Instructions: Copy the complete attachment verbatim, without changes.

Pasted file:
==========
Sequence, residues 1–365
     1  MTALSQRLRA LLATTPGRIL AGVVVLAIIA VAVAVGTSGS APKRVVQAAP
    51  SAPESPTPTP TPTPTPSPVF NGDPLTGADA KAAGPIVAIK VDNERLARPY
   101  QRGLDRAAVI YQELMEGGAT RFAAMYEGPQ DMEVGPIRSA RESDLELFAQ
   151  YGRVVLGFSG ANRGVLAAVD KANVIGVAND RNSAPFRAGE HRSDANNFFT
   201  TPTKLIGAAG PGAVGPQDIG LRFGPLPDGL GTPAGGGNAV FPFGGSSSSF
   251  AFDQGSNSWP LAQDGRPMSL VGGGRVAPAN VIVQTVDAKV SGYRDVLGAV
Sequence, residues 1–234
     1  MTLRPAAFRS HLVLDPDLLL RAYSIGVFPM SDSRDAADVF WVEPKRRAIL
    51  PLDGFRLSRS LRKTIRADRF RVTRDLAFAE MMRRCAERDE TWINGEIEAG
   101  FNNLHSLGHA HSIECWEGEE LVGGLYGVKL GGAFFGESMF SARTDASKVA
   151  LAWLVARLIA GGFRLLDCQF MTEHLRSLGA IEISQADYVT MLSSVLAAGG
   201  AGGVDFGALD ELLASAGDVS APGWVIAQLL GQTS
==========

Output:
Sequence, residues 1–365
     1  MTALSQRLRA LLATTPGRIL AGVVVLAIIA VAVAVGTSGS APKRVVQAAP
    51  SAPESPTPTP TPTPTPSPVF NGDPLTGADA KAAGPIVAIK VDNERLARPY
   101  QRGLDRAAVI YQELMEGGAT RFAAMYEGPQ DMEVGPIRSA RESDLELFAQ
   151  YGRVVLGFSG ANRGVLAAVD KANVIGVAND RNSAPFRAGE HRSDANNFFT
   201  TPTKLIGAAG PGAVGPQDIG LRFGPLPDGL GTPAGGGNAV FPFGGSSSSF
   251  AFDQGSNSWP LAQDGRPMSL VGGGRVAPAN VIVQTVDAKV SGYRDVLGAV
Sequence, residues 1–234
     1  MTLRPAAFRS HLVLDPDLLL RAYSIGVFPM SDSRDAADVF WVEPKRRAIL
    51  PLDGFRLSRS LRKTIRADRF RVTRDLAFAE MMRRCAERDE TWINGEIEAG
   101  FNNLHSLGHA HSIECWEGEE LVGGLYGVKL GGAFFGESMF SARTDASKVA
   151  LAWLVARLIA GGFRLLDCQF MTEHLRSLGA IEISQADYVT MLSSVLAAGG
   201  AGGVDFGALD ELLASAGDVS APGWVIAQLL GQTS